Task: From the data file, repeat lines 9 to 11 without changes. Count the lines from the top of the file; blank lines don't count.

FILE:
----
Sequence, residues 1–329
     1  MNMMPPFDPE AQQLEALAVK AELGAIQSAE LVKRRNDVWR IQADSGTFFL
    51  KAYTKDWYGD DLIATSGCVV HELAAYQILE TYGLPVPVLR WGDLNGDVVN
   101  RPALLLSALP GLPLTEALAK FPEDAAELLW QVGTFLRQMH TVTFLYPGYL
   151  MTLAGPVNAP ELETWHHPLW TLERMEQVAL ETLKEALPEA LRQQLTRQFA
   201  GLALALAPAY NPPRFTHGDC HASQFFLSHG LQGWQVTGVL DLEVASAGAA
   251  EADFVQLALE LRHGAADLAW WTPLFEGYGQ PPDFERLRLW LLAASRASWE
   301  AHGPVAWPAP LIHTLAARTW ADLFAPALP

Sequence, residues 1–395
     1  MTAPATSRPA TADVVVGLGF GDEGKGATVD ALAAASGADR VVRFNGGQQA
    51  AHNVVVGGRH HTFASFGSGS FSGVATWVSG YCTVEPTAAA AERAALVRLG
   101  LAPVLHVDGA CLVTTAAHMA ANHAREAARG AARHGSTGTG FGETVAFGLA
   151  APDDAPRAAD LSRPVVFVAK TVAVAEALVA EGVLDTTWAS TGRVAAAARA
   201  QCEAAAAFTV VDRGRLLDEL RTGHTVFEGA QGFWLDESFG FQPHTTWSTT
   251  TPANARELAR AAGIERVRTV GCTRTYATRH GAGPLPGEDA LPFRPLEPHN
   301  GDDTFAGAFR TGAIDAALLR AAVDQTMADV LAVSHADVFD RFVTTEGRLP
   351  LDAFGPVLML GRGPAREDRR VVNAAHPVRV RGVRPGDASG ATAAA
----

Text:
Sequence, residues 1–395
     1  MTAPATSRPA TADVVVGLGF GDEGKGATVD ALAAASGADR VVRFNGGQQA
    51  AHNVVVGGRH HTFASFGSGS FSGVATWVSG YCTVEPTAAA AERAALVRLG